E-MU's last product entry for the PC audio-interface market was five years ago. I don't know why they stayed away so long, but they've returned with a line of well- integrated, all-in-one desktop audio production systems with professional-grade specs and functionality. The 1820M is the flagship of the new E-MU line. While testing the 1820M, I felt a strong sense of familiarity with its operation and design based on my experience with E-MU's last PC product released back in 1998: the APS (Audio Production Studio). Like the APS, the 1820M seems primarily focused on solo production applications, but unlike the APS, which suffered from features and specs that fell "behind the curve" quickly, the 1820M has technical specs that are ahead of the demand curve. Most significant is the support of sample rates up to 192 kHz. In fact, the 1820M is fitted with the same AKM converters used in Digidesign's HD 192 system. Even though 192 kHz is a long way from mainstream adoption, this capability should give the 1820M a longer-than-average product lifecycle.

The 1820M package contains three core components: the 1010 PCI card, the table-top AudioDock M, and the Sync daughter card for generating SMPTE and MTC. The AudioDock houses most of the I/O connections and is tethered to the PCI card by a (thankfully) long, specially- shielded CAT5 digital cable. Both the front and rear panels of the AudioDock, as well as the PCI card, offer nearly every type of analog or digital I/O in use today. The system also features some nice extras like turntable inputs, four stereo 1/8'' speaker outputs (configurable from stereo up to 7.1), plus a FireWire port for connecting external drives. E-MU exercised good judgment in deciding front vs. rear connector placement, and MIDI ports are available front and back. The only design flaw I found was that the faceplate (which has the connector and indicator labels screened on it) can be knocked loose easily.

I tested the 1820M on a PC equipped with an Athlon 2600 and 1024 MB of RAM, running Cubase SX 1.06 on Windows XP Professional. Installation was quick and faultless. Since I wouldn't be syncing to any external devices, I didn't install the daughter card. The supplied documentation includes a brief Quick Start Guide and a printed user manual (also supplied as a PDF file). A full version of Steinberg's Cubase VST 5.1 is included.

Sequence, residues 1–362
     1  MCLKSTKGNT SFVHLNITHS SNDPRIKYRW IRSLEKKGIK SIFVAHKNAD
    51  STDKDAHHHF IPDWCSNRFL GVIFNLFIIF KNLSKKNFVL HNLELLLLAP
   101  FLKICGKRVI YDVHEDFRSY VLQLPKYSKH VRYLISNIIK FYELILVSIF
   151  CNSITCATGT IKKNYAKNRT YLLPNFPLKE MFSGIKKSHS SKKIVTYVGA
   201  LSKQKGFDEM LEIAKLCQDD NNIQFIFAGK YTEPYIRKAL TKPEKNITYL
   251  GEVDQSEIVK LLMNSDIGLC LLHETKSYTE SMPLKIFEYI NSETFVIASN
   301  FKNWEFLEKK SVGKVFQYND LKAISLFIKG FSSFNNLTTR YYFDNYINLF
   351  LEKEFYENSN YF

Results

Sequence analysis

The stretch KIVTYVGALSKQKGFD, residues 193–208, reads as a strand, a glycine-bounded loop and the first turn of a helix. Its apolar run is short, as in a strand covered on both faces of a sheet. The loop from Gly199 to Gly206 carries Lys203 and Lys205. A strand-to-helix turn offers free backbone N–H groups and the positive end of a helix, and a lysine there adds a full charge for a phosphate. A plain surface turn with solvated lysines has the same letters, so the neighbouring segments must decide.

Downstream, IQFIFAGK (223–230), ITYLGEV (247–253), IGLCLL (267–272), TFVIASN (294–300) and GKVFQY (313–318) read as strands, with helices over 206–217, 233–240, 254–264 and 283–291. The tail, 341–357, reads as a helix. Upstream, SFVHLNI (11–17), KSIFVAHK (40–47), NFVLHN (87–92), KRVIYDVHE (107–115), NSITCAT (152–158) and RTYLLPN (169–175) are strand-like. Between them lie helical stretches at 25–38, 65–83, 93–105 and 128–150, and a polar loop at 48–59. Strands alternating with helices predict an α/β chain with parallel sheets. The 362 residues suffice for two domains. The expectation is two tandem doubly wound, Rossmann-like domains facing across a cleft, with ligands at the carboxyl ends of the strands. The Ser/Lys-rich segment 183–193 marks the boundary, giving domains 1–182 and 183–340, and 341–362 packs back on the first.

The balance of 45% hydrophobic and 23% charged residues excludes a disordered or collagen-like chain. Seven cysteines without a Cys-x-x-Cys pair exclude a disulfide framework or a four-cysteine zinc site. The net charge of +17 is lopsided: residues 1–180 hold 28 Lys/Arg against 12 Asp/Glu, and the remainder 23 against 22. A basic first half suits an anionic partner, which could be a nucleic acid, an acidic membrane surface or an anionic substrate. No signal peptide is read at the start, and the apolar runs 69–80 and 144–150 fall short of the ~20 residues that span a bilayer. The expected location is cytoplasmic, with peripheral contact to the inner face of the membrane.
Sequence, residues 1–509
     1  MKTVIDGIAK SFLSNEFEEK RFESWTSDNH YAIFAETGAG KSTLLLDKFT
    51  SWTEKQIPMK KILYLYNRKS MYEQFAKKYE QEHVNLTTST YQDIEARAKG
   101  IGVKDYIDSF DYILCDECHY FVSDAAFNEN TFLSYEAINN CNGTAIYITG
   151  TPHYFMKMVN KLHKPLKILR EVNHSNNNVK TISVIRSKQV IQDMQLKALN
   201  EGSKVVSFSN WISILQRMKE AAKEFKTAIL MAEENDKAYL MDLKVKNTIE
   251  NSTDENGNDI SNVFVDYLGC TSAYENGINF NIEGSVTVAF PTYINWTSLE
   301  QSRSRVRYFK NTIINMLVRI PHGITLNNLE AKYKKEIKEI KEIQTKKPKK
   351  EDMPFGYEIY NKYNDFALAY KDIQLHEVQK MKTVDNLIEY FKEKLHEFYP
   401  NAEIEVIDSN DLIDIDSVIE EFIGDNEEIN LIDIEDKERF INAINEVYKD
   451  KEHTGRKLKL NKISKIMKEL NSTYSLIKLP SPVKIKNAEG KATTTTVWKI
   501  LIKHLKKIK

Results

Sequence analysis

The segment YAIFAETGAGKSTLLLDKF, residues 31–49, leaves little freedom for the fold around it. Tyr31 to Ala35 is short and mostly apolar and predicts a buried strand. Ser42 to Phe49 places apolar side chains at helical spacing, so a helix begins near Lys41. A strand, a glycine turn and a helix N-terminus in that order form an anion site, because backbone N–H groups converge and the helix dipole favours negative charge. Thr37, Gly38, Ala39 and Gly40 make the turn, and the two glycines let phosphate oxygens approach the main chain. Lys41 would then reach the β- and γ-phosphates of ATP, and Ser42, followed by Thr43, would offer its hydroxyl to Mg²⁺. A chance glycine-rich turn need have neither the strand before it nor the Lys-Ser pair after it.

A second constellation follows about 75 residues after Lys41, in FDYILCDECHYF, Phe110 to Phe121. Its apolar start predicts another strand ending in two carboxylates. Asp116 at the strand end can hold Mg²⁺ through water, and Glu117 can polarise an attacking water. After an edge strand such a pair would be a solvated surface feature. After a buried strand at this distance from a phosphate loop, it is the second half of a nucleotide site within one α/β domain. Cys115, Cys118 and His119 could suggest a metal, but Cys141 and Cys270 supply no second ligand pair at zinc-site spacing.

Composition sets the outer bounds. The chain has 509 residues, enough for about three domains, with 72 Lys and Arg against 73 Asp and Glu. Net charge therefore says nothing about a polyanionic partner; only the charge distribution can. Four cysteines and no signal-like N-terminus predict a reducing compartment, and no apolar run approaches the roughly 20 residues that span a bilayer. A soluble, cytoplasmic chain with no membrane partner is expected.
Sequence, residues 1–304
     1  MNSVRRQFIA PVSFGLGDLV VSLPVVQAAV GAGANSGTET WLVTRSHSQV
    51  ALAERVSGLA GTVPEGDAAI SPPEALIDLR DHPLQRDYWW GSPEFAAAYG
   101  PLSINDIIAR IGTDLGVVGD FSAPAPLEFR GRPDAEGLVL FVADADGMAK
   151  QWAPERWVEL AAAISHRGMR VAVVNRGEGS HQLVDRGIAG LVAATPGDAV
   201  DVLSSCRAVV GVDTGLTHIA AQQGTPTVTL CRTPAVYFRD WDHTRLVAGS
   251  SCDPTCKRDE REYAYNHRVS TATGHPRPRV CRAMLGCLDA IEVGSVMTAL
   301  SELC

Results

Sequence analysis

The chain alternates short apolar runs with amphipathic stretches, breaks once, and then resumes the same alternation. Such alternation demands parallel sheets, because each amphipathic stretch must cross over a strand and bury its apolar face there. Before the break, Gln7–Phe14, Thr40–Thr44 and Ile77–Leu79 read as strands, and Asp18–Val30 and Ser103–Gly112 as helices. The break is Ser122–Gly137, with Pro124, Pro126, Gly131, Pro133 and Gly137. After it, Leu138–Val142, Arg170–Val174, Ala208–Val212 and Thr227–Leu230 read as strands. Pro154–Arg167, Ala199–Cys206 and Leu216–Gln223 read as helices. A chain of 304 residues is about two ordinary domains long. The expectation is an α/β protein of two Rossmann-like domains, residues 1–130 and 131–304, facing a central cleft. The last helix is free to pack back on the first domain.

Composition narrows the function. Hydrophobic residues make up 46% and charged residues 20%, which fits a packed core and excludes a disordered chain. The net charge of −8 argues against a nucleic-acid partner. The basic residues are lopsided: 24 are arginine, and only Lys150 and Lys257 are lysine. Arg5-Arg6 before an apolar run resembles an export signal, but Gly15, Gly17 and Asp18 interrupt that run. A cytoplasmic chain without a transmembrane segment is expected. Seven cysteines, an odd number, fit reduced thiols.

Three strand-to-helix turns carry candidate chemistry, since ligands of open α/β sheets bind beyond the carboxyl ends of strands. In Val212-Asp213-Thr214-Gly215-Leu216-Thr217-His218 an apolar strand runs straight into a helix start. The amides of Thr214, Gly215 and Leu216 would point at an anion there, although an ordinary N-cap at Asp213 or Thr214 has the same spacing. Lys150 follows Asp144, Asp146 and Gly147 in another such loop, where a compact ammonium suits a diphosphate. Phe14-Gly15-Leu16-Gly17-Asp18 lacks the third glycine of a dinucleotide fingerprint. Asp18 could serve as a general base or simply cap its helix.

To prepare for recording, you launch the 32-channel PatchMix DSP mixer to reserve channels and select I/O routing. You can also choose from a list of preconfigured recording templates which you can customize and save for later use. Because PatchMix offers routing flexibility for physical hardware as well as for ASIO or DirectSound host channels, you may need to spend extra time digesting the documentation to get a handle on the countless possibilities, particularly when you get into effects-send and side-chain options. Once you grasp the basics, you can enjoy small conveniences like the ability to create a separate headphone monitor mix using DSP Effects through the aux sends. Another nice feature is that you can insert a test tone on any channel to check your signal routing. The one minor gripe I had with PatchMix was the GUI. E-MU's representation of a brushed-metallic surface combined with the color and style of the type bordered on illegibility.

The documentation presents a clear diagram detailing the possible configurations at each sample rate. As you might expect, you get fewer I/O's with higher sample rates. ASIO drivers are supported at the full 192 kHz rate, but WDM applications are limited to 44.1 or 48 kHz. And the built-in DSP effects are disabled at 96 kHz and above.

You can drag and drop presets from the DSP Effects palette onto any of the channel strips or the master section, as well as create and save custom multi-effects presets. The "core" effects folder contains all the raw algorithms and cannot be modified. I was sufficiently impressed with many of the included effects. The reverb presets were especially nice, given that they're based on a single algorithm. The 1820M ships with E-Wire, a special ASIO-VST plug-in "bridge" that lets you use the 1820M's DSP Effects from within VST host applications. Plus, E-wire gives you the ability to insert outboard audio gear. E-MU provides another plug-in called E-Delay that time-aligns audio tracks when utilizing external effects with applications that don't have built- in latency compensation.

So how do all these features function in practice? The bottom line is that they work as advertised-and then some. The two TF-Pro (TF is Ted Fletcher of early JoeMeek fame) designed mic preamps sound really nice, and the unit itself is exceptionally quiet even with the gain cranked way up. The ASIO driver was completely stable and allowed me to run the latency down to 5 ms with a minimal performance hit-even on older projects that had lots of audio and VST instrument tracks.

Five years after the APS, E-MU has made a splashy return with this well-designed, feature-rich, and competitively- priced offering. The 1820M's strongest selling points are: outstanding flexibility and quality; balanced analog I/O and excellent mic preamps; near-universal connectivity; very attractive pricing given its capabilities; and separate 1/8'' speaker outs for surround mixing. ($499 street price; www.emu.com )

Tape Op is a bi-monthly magazine devoted to the art of record making.

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